I am back.
But before launching into a summer 2017 recap I will be stubbornly un-chronological and tell you how I spent the weekend…
We were lucky enough to be invited to a concert on the Pilatus mountain top. Yes, on top of the mountain. In fact, on top of the building on top of the mountain top. Digest that! “Pilatus – On the Rocks”
At 2132 metres above sea-level (6994 ft, apparently!). A local band, a Swedish band and a local singer, a 4-course meal in the Queen Victoria dining hall of the 1890 hotel Pilatus Kulm and then an overnight stay – wow. Add perfect weather and a starry night (we could even see the Milky Way, a rarity these days). Now add the highlight of an ibex appearing over the mountain ridge above the stage to enquire what on earth was going on instead of his usual quiet evening… magic!
Just getting there is an adventure. You can go up the mountain on either side; from Alpnachstad there is the world’s steepest funicular railway and then from Kriens, there are cable cars. We arrived from Kriens, travelled in a tiny 4-seater cable car up the mountain, through one mid-stop building and across a wooded valley up to the next station. Then we switched to the large hypermodern panaroma cablecar for the last, very very steep ascent up the cliff… phew, our hearts were in our tummies, I think!!
In the valley it was a sweltering hot 30°C+ but up on the viewing platform (which still isn’t quite the tip of the mountain peak!), though cooler, I still didn’t feel the need for a cardigan over my summer dress, it was very pleasant with a breeze. From up there you can look down that steep cliff to Kriens and over all of Lake Lucerne but also to Lakes Zug and Sempach, and if you turn around, you see the funicular railway and the less steep scree slope and the Alpine panorama. A bit like this –
This was the view out of our hotel window!! The “not-so-steep” side. Ahem!
What a special event in a super special location – even after 44 years in Switzerland, I had never been up the Pilatus before and thoroughly enjoyed it. A lot of people had come up on foot; I asked a local acquaintance how long it takes from Kriens – 4.5-5 hours, he said. The following morning, I got chatting to a couple on their way back down the mountain in the cablecar at about 11 am – they said they had walked up that morning in 3 hours and 25 minutes…! I think I’ll stick with the public transport.
Our friends, Relish Guitars, had a great stand in front of the stage and it was thrilling to see the bands all using various of the guitar models in their sets! A lot of locals had turned up to see Dada Ante Portas who come from Kriens, while others were excited to see their favourite Swedes, Mando Diao, and Henrik Belden had a good audience, too. We didn’t actually see his part of the concert, as he played during our main course! But the music was piped into the dining hall. Quite a lot of people braved the mountain paths on the two small peaks either side of the viewing platform and stage and watched the concert from above with the incredible backdrop down over both sides of the Pilatus mountain, quite breathtaking I should imagine. We do not have heads for heights so stuck within the safety of the “official” platform!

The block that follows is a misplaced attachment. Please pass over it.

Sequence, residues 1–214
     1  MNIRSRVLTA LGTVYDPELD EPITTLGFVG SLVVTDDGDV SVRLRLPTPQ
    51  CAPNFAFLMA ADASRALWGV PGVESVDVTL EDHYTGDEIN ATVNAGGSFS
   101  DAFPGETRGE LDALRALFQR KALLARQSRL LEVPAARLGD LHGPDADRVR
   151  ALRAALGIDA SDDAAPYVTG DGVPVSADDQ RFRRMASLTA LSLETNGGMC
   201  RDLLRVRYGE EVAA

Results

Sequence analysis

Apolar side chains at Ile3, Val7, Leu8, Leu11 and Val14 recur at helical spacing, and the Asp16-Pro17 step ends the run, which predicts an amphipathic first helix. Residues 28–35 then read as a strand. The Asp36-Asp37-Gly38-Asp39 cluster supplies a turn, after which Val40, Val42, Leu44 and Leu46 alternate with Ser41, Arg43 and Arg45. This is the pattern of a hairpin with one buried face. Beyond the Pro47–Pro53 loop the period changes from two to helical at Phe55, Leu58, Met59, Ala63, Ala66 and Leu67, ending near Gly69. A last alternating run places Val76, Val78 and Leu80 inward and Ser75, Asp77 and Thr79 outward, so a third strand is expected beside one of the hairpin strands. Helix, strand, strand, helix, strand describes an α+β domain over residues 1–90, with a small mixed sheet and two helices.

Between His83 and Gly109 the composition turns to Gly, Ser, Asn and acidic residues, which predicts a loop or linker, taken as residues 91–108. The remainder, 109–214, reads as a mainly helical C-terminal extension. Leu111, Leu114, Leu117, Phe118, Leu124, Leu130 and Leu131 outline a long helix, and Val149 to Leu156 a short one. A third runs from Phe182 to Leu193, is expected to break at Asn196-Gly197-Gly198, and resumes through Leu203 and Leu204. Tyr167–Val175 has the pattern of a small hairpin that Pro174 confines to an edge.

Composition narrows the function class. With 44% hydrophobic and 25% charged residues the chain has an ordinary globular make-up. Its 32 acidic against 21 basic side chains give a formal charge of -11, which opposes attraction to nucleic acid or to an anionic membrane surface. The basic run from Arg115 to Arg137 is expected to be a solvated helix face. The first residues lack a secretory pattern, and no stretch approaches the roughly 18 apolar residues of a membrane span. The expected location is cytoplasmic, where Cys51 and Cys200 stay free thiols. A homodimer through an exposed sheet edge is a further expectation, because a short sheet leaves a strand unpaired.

I was completely fascinated by the hotel, which was built in 1890, presumably replacing an earlier building, since Queen Victoria herself spent a few days up there in 1868 😮 !! Of course in those days it was all mules and litters to get up the mountains but intrepid as all British tourists were, she did it. In fact, the British invented tourism in Switzerland, so the Swiss actually have quite a lot to thank the British for… I recently acquired a wonderful little Penguin book published in 1945 that delves into the very first British tourist visits here in the 18th century, and can also recommend How the English made the Alps by Jim Ring as a more modern alternative into the history of tourism.
We had a simple but delightful room in the hotel, and kept in mind that every single drop of water and everything else has to be brought up to those 2132 metres altitude – daunting. The hotel was renovated in 2010 but retains many of the original details and the same façade, very retro. One of the smaller dining rooms features this beautiful ceiling painted with acanthus leaves and woodland animals, so pretty. And what British tourist would survive without a fireplace!! Fireplaces are not usual in Switzerland, the Swiss more commonly used very efficient tiled ovens, often connected to their kitchen ranges, so this must be a concession to another culture.
On the way home, we stopped off at the Glasi Hergiswil, which has just celebrated its 200th birthday. This is a glass factory that follows a glassmaking tradition dating back a very long time, much longer than 200 years, to the first settlers on the lake shores. Not so long ago, things weren’t going very well, but then in the 1980s, a well-known glass designer, Roberto Niederer, began producing a style of glassware that has become very typical of the Glasi and very popular in Swiss households. Meanwhile, there is a museum that includes a lot of glass technology and the whole village shoreline has glass sculptures and games sponsored by the Glasi. This spring, they built a 20 metre high glass tower with periscope facilities for looking out onto the mountains – fascinating.
Check out http://www.glasi.ch/en/ for the typical chunky modern glass they make here!
And now to get back to a) what I did this summer… and b) real life, which is still far from normal. Sigh!